From the Butcher’s Block: ten more turkey tips

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    Butcher's top turkey tips Easy Food

    Preparing a Christmas turkey can be intimidating, even for experienced chefs. If you’re worrying a bit, then the more you know in advance, the better off you’ll be. We spoke to expert local butcher Michael Fleming to find out what he thought the top turkey tips were…

    Is it safe to freeze a turkey?

    If your freezer is large enough, then yes, it definitely is. Just make sure that it is kept at -18oC. If the freezer is too crowded, that can potentially bring down the internal temperature, so it’s good to have a clear-out before the Christmas cooking comes around. This way, you’ll also have plenty of room to store leftovers.

    What’s the best way to defrost a turkey?

    The safest way to defrost a turkey is in the fridge. You’ll need to give it plenty of time to defrost fully allot about 24 hours for every 2kg, so that’s about 3-4 days for a standard 6kg turkey. Keep it in a large tin to collect any juices, and place it at the bottom of the fridge so that it won’t drip down onto any other food. There are some methods out there for defrosting in cold water, but this really isn’t advisable as this can just cause bacteria to multiply.

    Should I wash my turkey?

    No, do not wash a turkey, or any other poultry for that matter. This is an old practice that people thought would rinse away bacteria, but it is actually more likely to spread bacteria around the sink and potentially splash onto the worktop. Any bacteria on the bird will be killed off as soon as it is in the oven, so there’s really no reason to rinse it.

    Should the giblets be discarded, or is there a safe way to use them?

    The giblets are a delicious addition to the gravy or the stuffing. Just roast or fry them off, then chop and add them into whatever dish you like. They add a gorgeous, rich flavour without being too overpowering.

    Is it better to cook stuffing inside or outside of the bird?

    It’s always best to cook the stuffing outside of the turkey, either in its own baking dish or rolled into stuffing balls. You need to kill the bacteria inside the cavity of the turkey, and this is more difficult to do when it is stuffed. In fact, food safety experts warn that, as the turkey around it cooks, juices that may contain salmonella bacteria soak into the stuffing, which then must be cooked to a minimum of 74oC in order to be safe. By the time the stuffing reaches this safe temperature, the turkey will likely be overcooked.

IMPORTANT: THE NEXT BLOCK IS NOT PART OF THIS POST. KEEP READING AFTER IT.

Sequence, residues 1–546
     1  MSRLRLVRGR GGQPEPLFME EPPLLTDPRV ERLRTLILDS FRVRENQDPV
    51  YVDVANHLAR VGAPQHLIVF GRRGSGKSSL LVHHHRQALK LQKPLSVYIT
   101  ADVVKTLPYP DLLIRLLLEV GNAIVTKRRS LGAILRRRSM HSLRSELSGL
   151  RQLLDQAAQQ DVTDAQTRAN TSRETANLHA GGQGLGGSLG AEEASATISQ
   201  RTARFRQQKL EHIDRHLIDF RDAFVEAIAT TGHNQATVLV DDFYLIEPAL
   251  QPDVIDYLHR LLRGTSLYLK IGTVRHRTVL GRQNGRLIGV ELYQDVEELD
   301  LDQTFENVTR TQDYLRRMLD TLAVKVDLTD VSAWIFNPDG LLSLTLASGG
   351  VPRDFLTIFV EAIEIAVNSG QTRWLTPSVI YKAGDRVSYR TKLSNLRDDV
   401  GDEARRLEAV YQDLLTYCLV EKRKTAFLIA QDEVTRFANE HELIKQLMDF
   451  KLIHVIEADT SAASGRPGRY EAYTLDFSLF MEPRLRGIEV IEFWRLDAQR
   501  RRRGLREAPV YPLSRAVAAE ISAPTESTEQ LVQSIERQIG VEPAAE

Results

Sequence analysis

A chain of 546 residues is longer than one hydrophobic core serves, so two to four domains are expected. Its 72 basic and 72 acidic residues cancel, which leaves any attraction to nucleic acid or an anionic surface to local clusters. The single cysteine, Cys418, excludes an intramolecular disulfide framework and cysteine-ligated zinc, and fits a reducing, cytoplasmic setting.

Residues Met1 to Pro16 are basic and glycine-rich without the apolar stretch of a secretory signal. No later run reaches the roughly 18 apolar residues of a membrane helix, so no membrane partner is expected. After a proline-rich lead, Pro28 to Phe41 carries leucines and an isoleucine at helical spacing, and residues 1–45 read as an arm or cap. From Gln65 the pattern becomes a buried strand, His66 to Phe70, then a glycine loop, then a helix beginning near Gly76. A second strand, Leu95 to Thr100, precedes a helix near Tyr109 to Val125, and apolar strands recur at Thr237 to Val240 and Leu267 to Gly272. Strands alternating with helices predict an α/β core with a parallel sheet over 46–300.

So, are there any work-arounds?

    You can always stuff the cavity with aromatics to add flavour to the turkey. Add some halved lemons, garlic bulbs and onions, as well as bunches of herbs and plenty of salt and pepper. If you really want to stuff part of the turkey, add a bit of stuffing to the neck cavity.

    How do I know how long it will take to roast my turkey?

    Your butcher will be able to give you the best cooking advice for the turkey you choose, but a good base is to allot 20 minutes per pound, with an extra 20 minutes at the end.

    How can I tell when my turkey is completely cooked?

    Use a knife to pierce the area between the wing and the breast; if the juices run clear, the turkey is done. The best way to check is to use a meat thermometer in the thickest part of the thigh. It should read 75˚C when cooked.

    How long will turkey and ham leftovers keep in the fridge?

    They should last for about 3-4 days.

    How long can the turkey sit out before carving?

    I would recommend letting the turkey rest for at least 30 minutes before serving it, but it will sit happily covered with foil for up to one hour.

    If you need any more tips, then we also spoke to another expert butcher, Dave Lang, who offered his tips. We also have a guide on what size turkey to choose!

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